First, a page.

Mary Meachum Freedom Crossing and Rest Area
A Confluence Attraction
Doug Eller, Grace Hill Settlement House
Participating Confluence Organizations
Great Rivers Greenway District
Grace Hill Settlement House
Missouri Department of Natural Resources, State Historic Preservation Office
National Park Service Underground Railroad Network to Freedom Program
Nine-acre site on the St. Louis Riverfront Trail, three miles north of downtown St. Louis and just north of the Merchant’s Bridge
(By car) From downtown St. Louis, take I-70 West to the Adelaide exit. Turn right (east) on Adelaide, which ends at Hall Street. Turn right (south) on Hall and proceed to Prairie (this part of the route is through an industrial district). At Prairie, turn left and park near the ADM grain elevators, at the break in the floodwall. The Riverfront Trail is on the river side of the floodwall. The Meachum site, containing a marker, is a short distance to the right (south) and can be reached on foot or by bicycle.
(By bike) The Riverfront Trail can be reached from the Confluence Trail in Illinois via the Old Chain of Rocks Bridge. (See Confluence Trail description on this website.)
In the early morning hours of May 21, 1855 a small group of runaway slaves and their guides crossed the Mississippi River at St. Louis, attempting to reach a route to freedom through Illinois. Accompanying them was Mary Meachum, a free woman of color and the widow of a prominent African American clergyman. Even today, the activities of the Underground Railroad remain largely shrouded in mystery. This event is remarkably different because the group was apprehended and, since the slaves belonged to the prominent St. Louisan Henry Shaw, a detailed story of the escape was covered in local newspapers. Thus was preserved for posterity a rare example, with exact location, of an Underground Railroad event in Missouri – in fact, the first documented site in the state. In December 2001, the Mary Meachum Freedom Crossing was dedicated as part of the National Park Service’s Undergound Railroad Network to Freedom.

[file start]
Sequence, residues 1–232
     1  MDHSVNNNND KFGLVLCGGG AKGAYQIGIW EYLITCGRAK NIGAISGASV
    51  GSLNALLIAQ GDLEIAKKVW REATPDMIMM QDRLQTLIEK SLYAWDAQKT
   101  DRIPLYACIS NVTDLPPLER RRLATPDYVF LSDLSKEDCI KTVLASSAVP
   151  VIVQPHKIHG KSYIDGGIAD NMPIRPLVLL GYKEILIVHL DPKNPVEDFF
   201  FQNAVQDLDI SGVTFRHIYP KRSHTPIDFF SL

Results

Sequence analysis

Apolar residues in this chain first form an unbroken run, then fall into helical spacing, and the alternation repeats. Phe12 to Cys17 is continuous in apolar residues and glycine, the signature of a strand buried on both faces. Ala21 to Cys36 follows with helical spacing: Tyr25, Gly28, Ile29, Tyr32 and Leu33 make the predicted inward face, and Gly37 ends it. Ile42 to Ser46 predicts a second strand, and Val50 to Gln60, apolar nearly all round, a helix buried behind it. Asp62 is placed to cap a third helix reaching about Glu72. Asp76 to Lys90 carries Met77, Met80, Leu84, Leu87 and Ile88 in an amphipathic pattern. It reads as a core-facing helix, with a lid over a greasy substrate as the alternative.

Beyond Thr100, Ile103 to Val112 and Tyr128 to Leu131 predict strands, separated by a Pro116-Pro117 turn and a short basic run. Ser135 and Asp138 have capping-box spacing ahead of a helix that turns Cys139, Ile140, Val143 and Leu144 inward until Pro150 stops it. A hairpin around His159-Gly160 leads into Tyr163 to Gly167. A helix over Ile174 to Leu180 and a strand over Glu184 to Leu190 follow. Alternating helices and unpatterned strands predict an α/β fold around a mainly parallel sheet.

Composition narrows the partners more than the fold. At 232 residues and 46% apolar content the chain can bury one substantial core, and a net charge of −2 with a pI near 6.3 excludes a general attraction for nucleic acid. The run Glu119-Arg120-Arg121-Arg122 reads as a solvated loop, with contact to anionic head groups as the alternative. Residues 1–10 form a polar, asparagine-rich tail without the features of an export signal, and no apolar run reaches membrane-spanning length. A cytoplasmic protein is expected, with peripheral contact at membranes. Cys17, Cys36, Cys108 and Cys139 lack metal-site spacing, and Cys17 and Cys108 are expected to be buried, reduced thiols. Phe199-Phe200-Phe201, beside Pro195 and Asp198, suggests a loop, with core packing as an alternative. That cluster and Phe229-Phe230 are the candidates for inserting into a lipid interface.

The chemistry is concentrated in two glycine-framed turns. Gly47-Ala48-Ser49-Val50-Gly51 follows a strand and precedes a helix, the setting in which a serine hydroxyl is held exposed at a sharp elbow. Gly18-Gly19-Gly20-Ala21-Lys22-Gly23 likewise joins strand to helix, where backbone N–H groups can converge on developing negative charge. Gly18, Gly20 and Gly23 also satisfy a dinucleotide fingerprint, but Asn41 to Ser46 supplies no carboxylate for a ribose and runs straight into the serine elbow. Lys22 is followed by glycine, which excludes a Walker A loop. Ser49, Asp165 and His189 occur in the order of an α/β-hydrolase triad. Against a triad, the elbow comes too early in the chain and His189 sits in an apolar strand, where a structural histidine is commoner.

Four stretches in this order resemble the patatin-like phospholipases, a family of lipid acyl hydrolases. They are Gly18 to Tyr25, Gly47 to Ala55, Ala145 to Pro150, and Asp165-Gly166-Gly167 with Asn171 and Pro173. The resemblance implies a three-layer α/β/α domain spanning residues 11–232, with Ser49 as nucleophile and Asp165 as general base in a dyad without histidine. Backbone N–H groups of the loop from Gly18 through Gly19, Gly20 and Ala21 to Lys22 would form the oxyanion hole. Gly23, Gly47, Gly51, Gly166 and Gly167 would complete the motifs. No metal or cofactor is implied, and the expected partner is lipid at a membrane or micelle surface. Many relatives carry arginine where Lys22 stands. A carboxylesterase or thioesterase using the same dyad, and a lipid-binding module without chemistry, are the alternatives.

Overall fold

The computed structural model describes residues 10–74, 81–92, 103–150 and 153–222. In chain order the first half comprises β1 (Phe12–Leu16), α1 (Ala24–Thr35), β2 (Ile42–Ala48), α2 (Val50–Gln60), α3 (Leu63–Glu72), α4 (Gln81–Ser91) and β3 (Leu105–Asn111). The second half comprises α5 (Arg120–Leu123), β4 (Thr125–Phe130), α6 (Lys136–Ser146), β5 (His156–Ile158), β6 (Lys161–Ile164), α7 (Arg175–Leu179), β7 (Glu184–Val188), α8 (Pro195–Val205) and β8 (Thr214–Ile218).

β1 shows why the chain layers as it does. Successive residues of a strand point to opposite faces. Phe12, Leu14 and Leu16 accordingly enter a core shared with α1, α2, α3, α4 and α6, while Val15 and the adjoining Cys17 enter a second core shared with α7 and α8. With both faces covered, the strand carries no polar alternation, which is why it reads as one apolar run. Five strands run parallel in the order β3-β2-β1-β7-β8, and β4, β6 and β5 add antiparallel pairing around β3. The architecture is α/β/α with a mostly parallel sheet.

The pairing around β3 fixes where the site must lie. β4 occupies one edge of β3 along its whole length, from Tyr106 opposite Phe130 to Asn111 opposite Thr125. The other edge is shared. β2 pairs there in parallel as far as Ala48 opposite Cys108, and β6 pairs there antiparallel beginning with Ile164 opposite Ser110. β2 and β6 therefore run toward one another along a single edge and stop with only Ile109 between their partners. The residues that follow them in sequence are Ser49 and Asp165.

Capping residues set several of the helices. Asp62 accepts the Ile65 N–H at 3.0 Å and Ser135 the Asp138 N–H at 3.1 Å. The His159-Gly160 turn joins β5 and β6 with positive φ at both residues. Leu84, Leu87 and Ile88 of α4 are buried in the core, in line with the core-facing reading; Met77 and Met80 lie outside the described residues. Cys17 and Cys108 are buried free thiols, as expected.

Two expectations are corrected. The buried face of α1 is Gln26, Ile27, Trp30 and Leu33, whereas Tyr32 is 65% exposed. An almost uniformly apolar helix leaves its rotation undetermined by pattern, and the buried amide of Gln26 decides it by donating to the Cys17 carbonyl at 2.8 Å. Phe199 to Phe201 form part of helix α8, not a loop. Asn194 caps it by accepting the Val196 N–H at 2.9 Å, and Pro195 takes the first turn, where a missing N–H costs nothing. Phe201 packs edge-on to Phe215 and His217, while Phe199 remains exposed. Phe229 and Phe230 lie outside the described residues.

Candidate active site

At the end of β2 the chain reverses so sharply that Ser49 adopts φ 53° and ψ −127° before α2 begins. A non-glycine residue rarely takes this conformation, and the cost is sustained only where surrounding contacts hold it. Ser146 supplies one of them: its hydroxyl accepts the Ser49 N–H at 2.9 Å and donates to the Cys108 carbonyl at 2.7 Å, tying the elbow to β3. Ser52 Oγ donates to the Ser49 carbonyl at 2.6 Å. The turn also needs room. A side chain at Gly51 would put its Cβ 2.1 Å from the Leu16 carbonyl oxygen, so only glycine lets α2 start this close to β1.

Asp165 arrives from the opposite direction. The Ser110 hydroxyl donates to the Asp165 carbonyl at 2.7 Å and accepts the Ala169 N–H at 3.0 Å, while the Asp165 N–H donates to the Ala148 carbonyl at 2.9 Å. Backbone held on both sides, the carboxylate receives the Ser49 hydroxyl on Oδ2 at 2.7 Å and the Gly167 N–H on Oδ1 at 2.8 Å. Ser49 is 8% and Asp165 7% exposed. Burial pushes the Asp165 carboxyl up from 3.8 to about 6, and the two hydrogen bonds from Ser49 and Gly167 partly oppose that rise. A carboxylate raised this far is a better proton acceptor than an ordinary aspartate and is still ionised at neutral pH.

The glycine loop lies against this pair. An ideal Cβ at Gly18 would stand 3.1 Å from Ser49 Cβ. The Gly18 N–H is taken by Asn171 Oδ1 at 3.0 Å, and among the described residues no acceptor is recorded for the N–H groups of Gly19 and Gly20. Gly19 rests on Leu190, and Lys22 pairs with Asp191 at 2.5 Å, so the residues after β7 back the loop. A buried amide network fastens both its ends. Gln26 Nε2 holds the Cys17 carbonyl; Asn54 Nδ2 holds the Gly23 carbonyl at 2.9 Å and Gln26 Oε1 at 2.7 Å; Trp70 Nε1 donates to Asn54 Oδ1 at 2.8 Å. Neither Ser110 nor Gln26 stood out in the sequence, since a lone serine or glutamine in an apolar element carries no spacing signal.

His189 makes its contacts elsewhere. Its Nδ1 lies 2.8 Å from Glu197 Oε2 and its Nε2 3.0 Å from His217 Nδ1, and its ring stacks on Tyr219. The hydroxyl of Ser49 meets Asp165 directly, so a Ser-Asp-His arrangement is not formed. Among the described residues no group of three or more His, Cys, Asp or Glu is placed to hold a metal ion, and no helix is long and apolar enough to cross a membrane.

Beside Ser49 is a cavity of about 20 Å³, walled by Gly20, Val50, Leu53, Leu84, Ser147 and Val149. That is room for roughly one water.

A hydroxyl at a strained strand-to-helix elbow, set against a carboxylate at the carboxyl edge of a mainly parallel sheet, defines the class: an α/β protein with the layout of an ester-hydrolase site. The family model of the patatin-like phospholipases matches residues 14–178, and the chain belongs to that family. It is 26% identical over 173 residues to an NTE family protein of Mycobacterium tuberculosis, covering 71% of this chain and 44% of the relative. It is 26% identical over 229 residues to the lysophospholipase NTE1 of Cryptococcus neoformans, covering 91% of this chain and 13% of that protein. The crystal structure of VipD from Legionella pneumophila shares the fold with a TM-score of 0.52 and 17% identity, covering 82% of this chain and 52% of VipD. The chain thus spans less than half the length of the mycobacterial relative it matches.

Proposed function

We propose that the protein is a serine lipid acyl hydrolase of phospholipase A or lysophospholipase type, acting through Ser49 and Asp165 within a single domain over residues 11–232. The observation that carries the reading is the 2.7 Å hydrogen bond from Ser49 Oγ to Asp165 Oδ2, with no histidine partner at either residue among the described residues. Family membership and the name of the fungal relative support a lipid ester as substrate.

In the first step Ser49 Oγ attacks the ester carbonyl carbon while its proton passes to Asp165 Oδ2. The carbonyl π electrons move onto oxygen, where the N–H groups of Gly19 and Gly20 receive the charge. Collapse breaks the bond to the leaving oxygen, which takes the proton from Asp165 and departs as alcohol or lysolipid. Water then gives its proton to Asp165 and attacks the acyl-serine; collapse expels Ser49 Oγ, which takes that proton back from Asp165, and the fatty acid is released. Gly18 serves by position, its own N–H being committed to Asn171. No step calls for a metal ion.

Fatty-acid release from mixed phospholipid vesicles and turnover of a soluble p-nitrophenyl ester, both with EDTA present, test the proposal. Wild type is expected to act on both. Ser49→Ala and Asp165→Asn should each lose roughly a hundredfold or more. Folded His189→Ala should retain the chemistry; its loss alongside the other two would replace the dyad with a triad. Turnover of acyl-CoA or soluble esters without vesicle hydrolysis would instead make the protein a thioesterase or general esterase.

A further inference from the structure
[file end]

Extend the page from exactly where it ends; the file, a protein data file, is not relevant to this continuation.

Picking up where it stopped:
At present, the area is marked by a designation sign. A colorful wall mural, executed by students of Logos School, interprets the Meachum event.
A rest stop and native plant nursery are housed nearby in a former Coast Guard boat facility. The building features a spacious deck overlooking the river. It is staffed during peak periods by the Grace Hill AmeriCorps Trail Rangers, who provide directions, general and mechanical assistance.
The Mary Meachum Freedom Crossing was featured in the September 2004 issue of St. Louis Magazine. To print or view a PDF format of this article, click here (8.9 mb).
The Meachum Feedom Crossing is now a geocashing site – learn more on the geocashing website
Commemorative and interpretive facilities are planned for the Freedom Crossing. The proposed design, developed through an extensive community process, is now being evaluated by several public agencies. The site will support tourism as well as provide a spot for quiet riverside contemplation.
To view or print a JPEG of the schemtic design visit our Plans section of this website.
Meachum site design
Great Rivers Greenway
National Park Service, Underground Railroad Network to Freedom Program
The Whitaker Foundation
Rest area and native plant nursery improvements
Rich and Nancy Marston
Shell Oil Products U.S.
The Sherwin-Williams Company
U.S. Environmental Protection Agency
For more information on the Mary Meachum Freedom Crossing, see
For more information on the National Underground Railroad Network to Freedom, see
For more information about AmeriCorps National Service Programs, see